Business Overview

This Business is currently in LOI and not available to new Buyers.

Located on Busy street in Brooklyn offering wines from small batch producers and a large selection of organic wines. The store is outfitted in rustic wood creating a welcoming modern space with room for wine tastings. Backyard patio and basement for storage. Absentee run with dedicated and knowledgeable employees. Store is loved by the neighborhood with free delivery giving it 5 star reviews. Turn-Key business and payroll can be drastically reduced with owner operator.

Financial

  • Asking Price: $225,000
  • Cash Flow: $88,000
  • Gross Revenue: $783,000
  • EBITDA: N/A
  • FF&E: $25,000
  • Inventory: $130,000
  • Inventory Included: N/A
  • Established: 2008

Detailed Information

  • Property Owned or Leased:N/A
  • Property Included:N/A
  • Building Square Footage:860
  • Lot Size:N/A
  • Total Number of Employees:4
  • Furniture, Fixtures and Equipment:N/A
About The Facility:

500SF basement and backyard

Is Support & Training Included:

Will train

Purpose For Selling:

Living out of state

Additional Info

The business was established in 2008, making the business 14 years old.
The deal won't include inventory valued at $130,000*, which ins't included in the suggested price.

The company has 4 employees and is located in a building with approx. square footage of 860 sq ft.
The property is leased by the company for $4,000 per Month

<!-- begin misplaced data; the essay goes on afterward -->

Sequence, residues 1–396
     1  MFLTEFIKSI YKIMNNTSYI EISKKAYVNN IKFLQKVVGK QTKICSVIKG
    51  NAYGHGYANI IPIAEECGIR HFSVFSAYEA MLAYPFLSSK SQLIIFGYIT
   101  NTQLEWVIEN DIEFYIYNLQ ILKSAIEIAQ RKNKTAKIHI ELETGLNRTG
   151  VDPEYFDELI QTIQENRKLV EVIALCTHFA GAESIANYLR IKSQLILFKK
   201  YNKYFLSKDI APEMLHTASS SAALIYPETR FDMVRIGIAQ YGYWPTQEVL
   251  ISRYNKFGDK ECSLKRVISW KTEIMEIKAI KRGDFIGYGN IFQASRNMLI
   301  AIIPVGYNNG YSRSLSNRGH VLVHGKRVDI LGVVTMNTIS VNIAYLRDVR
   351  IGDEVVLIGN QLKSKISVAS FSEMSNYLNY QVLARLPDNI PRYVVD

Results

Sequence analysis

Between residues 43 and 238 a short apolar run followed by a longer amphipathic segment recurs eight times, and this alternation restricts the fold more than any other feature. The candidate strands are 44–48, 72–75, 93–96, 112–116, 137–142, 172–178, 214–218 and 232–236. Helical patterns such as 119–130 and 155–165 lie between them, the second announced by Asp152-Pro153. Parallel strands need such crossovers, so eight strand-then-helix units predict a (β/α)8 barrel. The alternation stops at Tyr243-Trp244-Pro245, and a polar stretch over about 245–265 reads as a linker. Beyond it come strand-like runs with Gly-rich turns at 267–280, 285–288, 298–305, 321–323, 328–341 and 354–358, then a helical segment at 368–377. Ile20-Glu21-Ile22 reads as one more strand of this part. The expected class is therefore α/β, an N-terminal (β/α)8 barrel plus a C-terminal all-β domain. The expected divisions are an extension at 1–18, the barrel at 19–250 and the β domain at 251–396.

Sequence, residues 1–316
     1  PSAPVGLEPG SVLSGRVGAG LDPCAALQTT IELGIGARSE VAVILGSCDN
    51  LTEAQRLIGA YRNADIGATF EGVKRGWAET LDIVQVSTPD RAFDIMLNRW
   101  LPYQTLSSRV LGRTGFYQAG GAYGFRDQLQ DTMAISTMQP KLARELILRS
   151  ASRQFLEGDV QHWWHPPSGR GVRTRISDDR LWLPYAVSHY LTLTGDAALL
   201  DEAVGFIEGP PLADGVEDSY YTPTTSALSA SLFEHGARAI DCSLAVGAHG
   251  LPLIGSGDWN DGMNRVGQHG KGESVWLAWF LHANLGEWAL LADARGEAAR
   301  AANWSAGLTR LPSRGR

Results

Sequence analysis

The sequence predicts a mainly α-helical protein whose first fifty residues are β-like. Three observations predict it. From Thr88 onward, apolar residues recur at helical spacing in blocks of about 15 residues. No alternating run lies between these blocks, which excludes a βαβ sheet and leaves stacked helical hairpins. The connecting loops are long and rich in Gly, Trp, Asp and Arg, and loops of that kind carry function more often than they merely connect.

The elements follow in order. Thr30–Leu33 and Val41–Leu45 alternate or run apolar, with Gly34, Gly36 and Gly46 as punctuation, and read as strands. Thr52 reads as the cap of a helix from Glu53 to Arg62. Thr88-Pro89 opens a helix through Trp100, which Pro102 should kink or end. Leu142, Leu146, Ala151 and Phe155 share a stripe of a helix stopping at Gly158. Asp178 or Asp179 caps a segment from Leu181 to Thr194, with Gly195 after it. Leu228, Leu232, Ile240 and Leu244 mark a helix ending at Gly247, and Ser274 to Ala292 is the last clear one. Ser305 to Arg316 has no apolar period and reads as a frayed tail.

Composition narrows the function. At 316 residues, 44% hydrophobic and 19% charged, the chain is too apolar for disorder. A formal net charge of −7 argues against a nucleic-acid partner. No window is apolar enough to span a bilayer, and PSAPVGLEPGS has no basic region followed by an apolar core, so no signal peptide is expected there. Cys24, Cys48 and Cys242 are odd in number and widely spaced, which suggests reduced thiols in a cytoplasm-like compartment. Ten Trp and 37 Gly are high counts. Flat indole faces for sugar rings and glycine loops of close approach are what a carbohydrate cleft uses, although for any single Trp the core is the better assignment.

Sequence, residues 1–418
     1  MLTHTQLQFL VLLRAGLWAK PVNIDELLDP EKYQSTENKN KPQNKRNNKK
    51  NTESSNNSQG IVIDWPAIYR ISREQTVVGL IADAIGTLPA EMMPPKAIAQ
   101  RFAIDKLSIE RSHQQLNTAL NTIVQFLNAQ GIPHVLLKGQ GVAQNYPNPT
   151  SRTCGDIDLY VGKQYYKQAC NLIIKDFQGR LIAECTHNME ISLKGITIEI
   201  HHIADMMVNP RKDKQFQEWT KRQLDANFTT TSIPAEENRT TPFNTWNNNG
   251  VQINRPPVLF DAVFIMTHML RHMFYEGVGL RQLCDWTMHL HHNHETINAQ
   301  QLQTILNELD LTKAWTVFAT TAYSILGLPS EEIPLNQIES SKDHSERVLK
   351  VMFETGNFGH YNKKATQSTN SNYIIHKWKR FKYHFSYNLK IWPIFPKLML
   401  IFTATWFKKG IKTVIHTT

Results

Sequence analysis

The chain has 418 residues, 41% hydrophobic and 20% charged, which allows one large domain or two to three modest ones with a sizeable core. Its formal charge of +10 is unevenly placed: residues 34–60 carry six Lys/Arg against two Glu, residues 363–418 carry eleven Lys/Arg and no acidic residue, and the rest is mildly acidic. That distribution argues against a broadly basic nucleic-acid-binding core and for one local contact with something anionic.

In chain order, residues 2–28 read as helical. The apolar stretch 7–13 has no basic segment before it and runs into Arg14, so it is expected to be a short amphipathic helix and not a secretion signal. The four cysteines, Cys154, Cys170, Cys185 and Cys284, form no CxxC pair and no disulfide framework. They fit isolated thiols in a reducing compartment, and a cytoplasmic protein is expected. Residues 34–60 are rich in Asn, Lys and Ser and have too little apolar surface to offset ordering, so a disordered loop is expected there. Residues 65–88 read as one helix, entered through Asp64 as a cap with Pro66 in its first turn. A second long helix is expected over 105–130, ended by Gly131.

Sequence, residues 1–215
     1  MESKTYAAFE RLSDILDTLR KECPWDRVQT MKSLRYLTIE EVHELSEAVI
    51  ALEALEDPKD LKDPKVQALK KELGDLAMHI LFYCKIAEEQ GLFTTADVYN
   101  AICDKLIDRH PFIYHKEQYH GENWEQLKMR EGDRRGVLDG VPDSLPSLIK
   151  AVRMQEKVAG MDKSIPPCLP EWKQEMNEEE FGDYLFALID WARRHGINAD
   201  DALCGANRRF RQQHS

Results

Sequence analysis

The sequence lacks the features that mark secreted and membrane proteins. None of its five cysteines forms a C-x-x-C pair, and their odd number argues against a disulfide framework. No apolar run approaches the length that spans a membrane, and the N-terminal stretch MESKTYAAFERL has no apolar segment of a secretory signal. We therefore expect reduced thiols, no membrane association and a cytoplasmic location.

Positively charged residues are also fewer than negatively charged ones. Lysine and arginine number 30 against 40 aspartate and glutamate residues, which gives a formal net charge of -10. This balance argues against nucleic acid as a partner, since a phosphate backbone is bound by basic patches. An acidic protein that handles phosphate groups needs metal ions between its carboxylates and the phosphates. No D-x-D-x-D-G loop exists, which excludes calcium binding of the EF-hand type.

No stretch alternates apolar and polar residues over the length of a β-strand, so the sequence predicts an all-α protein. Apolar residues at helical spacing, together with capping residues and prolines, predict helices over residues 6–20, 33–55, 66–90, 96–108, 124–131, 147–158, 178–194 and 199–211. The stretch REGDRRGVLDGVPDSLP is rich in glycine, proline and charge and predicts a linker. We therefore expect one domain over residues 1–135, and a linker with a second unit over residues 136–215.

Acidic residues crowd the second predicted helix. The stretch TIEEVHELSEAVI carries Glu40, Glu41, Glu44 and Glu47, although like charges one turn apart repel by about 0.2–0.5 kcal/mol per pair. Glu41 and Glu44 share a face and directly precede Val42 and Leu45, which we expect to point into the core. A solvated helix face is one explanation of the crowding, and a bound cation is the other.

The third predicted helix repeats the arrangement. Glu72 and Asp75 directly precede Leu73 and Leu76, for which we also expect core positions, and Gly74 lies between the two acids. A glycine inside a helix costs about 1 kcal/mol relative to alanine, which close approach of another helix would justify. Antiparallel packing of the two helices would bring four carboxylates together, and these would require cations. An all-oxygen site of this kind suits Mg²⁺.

Why is the Current Owner Selling The Business?

There are all kinds of reasons why people decide to sell businesses. However, the real factor vs the one they say to you might be 2 absolutely different things. As an example, they might claim "I have a lot of various obligations" or "I am retiring". For numerous sellers, these reasons stand. But also, for some, these might just be reasons to attempt to conceal the reality of transforming demographics, increased competitors, current decrease in incomes, or a variety of other reasons. This is why it is very crucial that you not depend absolutely on a vendor's word, but instead, use the vendor's solution in conjunction with your overall due diligence. This will repaint a more practical picture of the business's present situation.

Existing Debts and Future Obligations

If the existing company is in debt, which many businesses are, then you will certainly need to consider this when valuating/preparing your deal. Numerous businesses finance loans so as to cover items such as inventory, payroll, accounts payable, so on and so forth. Keep in mind that in some cases this can imply that profit margins are too thin. Many companies fall under a revolving door of taking loans as a way to pay back other loans. Along with debts, there may additionally be future commitments to take into consideration. There may be an outstanding lease on tools or the structure where the business resides. The business might have existing contracts with vendors that should be met or might lead to fines if canceled early.

Understanding the Customer Base, Competition and Area Demographics

Exactly how do operating businesses in the area draw in brand-new customers? Often times, operating businesses have repeat consumers, which create the core of their daily revenues. Particular variables such as brand-new competitors growing up around the location, road building and construction, as well as personnel turnover can affect repeat customers and also adversely impact future profits. One essential thing to consider is the location of the business. Is it in a highly trafficked shopping center, or is it hidden from the highway? Certainly, the more individuals that see the business regularly, the greater the possibility to build a returning customer base. A final idea is the general location demographics. Is the business located in a densely inhabited city, or is it located on the outskirts of town? Just how might the regional median house income influence future revenue potential?